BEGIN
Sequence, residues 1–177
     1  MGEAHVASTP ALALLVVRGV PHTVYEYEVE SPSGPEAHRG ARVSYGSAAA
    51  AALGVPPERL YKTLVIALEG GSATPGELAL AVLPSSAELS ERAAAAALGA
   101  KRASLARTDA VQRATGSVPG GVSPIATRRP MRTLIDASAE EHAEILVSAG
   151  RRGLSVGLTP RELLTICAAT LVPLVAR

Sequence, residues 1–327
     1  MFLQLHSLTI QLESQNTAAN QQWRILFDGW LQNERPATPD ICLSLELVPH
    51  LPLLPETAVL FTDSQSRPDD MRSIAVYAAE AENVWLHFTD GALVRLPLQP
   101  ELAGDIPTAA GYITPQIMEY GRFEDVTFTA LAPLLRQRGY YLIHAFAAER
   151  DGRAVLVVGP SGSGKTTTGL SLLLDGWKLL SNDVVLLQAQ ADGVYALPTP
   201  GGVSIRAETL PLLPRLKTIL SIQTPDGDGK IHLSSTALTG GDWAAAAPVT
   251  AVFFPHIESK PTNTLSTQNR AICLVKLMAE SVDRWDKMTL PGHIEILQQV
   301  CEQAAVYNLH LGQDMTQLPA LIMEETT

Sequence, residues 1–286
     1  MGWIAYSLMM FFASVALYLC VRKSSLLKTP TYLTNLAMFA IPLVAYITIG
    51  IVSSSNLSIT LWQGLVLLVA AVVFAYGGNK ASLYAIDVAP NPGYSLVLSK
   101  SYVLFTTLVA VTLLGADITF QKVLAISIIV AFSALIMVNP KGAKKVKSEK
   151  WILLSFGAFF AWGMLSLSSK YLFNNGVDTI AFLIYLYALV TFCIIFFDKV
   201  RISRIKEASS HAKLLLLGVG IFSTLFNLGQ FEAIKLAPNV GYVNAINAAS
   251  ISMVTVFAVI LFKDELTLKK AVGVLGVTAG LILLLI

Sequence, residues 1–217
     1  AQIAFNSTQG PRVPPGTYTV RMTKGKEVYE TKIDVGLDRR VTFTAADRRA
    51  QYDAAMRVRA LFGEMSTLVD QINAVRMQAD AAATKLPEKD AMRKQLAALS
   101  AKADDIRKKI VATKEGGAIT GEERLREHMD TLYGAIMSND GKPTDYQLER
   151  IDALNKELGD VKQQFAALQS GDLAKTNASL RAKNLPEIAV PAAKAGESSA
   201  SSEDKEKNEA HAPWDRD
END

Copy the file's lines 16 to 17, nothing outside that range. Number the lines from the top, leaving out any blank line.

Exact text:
    51  IVSSSNLSIT LWQGLVLLVA AVVFAYGGNK ASLYAIDVAP NPGYSLVLSK
   101  SYVLFTTLVA VTLLGADITF QKVLAISIIV AFSALIMVNP KGAKKVKSEK